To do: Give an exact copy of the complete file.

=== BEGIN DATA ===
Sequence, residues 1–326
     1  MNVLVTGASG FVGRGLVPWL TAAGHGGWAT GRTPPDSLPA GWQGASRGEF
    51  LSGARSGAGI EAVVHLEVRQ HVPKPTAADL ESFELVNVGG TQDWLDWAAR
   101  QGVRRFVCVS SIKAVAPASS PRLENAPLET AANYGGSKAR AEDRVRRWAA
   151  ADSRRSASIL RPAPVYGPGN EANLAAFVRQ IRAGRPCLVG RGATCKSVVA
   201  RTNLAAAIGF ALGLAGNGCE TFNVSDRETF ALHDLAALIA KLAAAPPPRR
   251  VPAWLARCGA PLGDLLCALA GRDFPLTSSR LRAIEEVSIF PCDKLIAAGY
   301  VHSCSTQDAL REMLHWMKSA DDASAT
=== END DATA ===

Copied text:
Sequence, residues 1–326
     1  MNVLVTGASG FVGRGLVPWL TAAGHGGWAT GRTPPDSLPA GWQGASRGEF
    51  LSGARSGAGI EAVVHLEVRQ HVPKPTAADL ESFELVNVGG TQDWLDWAAR
   101  QGVRRFVCVS SIKAVAPASS PRLENAPLET AANYGGSKAR AEDRVRRWAA
   151  ADSRRSASIL RPAPVYGPGN EANLAAFVRQ IRAGRPCLVG RGATCKSVVA
   201  RTNLAAAIGF ALGLAGNGCE TFNVSDRETF ALHDLAALIA KLAAAPPPRR
   251  VPAWLARCGA PLGDLLCALA GRDFPLTSSR LRAIEEVSIF PCDKLIAAGY
   301  VHSCSTQDAL REMLHWMKSA DDASAT